• Political Geography: China, India
  • Author: Meehyun Nam- Thompson
  • Publication Date: 01-2013
  • Content Type: Journal Article
  • Journal: World Policy Journal
  • Institution: World Policy Institute
  • Abstract: The two leading universities in China and India, Peking University and India Institute of Technology-Bombay respectively, represent two vastly different approaches to education and life. Both require students to take highly competitive exams. Those who successfully pass the exams represent the choice minority. While Peking students are offered an array of subjects to study—more of the liberal arts variety—students at IIT-Bombay are immediately placed on a science and engineering track. However, the Peking students must pay a higher tuition for their broader choice of subjects. After graduation, Chinese students remain in the country, unlike Indian students who apply for work visas abroad at strikingly higher rates.
  • Political Geography: China, India, Mumbai
  • Author: Nazia Vasi
  • Publication Date: 01-2013
  • Content Type: Journal Article
  • Journal: World Policy Journal
  • Institution: World Policy Institute
  • Abstract: MUMBAI—Shaped by disparate political, economic, and social forces, and starkly divergent histories, China and India, though neighbors, have arrived at a point where their young people, as well as their leaders, have developed individual paths toward each other and the world. For a host of reasons, the two nations remain at odds 30 years after both economies and societies truly opened to global markets and outside influences.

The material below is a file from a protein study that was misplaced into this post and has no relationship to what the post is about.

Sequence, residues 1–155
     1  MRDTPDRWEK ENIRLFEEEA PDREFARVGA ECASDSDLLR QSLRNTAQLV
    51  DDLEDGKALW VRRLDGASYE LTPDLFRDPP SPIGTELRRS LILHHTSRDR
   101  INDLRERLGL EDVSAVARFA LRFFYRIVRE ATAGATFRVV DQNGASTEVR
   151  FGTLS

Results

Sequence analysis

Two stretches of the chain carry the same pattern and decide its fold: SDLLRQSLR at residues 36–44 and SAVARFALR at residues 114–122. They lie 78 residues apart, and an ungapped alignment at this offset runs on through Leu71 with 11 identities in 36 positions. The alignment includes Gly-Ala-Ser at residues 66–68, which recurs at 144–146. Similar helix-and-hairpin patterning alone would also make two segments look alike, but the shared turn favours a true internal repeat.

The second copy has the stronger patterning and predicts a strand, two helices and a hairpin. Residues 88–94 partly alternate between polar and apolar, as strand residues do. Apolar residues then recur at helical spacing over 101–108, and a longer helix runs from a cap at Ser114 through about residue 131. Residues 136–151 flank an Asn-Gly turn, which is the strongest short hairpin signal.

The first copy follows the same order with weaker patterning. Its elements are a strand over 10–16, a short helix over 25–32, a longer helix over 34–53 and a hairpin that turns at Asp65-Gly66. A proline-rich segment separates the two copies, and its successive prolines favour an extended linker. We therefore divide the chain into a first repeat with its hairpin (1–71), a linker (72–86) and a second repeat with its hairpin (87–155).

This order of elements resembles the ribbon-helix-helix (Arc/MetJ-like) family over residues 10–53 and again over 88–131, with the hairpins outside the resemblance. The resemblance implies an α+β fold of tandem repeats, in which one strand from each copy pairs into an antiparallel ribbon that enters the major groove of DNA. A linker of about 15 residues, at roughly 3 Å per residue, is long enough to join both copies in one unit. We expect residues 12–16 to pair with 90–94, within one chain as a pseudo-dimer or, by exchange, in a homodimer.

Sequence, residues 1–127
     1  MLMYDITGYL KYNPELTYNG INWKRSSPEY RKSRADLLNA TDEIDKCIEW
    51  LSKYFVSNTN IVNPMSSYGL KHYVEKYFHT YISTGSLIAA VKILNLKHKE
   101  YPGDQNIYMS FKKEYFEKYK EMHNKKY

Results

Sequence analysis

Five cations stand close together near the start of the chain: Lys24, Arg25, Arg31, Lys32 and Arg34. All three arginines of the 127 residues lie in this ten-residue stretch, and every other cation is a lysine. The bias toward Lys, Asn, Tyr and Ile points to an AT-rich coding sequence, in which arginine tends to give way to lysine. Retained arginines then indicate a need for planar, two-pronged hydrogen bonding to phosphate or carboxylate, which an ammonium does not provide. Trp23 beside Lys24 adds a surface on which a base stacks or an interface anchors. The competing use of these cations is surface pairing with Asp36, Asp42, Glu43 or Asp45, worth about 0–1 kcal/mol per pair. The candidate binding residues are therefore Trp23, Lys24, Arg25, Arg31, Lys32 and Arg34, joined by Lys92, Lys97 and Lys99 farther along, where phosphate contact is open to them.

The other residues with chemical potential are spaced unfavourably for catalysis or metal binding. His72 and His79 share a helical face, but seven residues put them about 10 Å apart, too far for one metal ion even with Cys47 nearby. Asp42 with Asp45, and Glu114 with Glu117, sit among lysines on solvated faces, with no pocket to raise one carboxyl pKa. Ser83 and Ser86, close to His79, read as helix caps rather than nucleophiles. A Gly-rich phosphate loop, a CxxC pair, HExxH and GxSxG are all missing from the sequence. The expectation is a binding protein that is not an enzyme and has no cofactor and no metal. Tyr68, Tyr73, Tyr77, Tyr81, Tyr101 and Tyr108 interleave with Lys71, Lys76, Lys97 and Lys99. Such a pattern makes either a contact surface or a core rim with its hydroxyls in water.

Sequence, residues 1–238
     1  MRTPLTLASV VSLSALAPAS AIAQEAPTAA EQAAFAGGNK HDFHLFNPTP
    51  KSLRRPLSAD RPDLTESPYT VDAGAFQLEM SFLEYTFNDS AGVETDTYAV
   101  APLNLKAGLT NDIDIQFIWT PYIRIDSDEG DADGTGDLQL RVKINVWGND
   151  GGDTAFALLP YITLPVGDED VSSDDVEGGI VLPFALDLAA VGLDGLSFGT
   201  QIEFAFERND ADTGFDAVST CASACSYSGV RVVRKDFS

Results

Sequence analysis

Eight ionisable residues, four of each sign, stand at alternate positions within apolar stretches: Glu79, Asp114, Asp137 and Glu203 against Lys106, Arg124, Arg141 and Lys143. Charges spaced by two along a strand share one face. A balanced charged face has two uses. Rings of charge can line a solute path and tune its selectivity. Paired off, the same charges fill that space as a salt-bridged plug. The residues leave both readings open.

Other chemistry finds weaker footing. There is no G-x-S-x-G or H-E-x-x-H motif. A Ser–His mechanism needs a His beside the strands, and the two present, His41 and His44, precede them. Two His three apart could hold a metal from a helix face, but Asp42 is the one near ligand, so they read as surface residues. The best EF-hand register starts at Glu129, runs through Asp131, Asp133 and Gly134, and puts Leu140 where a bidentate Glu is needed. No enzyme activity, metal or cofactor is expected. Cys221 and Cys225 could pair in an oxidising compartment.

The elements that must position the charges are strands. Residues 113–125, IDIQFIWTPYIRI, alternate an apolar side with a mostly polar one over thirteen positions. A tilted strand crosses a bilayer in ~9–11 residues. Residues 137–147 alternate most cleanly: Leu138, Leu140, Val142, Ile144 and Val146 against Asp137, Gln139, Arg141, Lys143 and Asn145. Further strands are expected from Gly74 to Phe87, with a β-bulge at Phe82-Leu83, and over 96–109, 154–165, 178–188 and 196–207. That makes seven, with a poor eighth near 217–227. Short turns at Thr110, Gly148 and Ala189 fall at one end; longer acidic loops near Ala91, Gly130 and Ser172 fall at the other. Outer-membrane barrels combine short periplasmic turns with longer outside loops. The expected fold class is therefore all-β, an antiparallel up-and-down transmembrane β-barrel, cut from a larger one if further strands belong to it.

• Political Geography: China, India
  • Author: Meehyun Nam- Thompson
  • Publication Date: 01-2013
  • Content Type: Journal Article
  • Journal: World Policy Journal
  • Institution: World Policy Institute
  • Abstract: To understand the modern trajectory of Sino-Indian relations, World Policy Journal has focused on key political moments that have come to define the two countries' shared history. We begin at a pivotal moment—the Tibetan Uprising, a brief flare of conflict shortly before the Sino-Indian War, which many view as the sharpest geopolitical dispute between the two nations. Then we march through the 1960s and 1970s, when nuclear proliferation placed a heavy burden on a relationship otherwise improving under the twin pivots of regional security and financial imperatives. Our timeline shows a shift from direct military conflict to diplomatic and economic struggles for power. Though geopolitical issues, especially over critical resources like water and energy, will strain Sino-Indian relations in the future, we end our timeline with an uncertain, but promising economic trend, and new measures that may build confidence between Asia's two giants.
  • Topic: War
  • Political Geography: China, India, Asia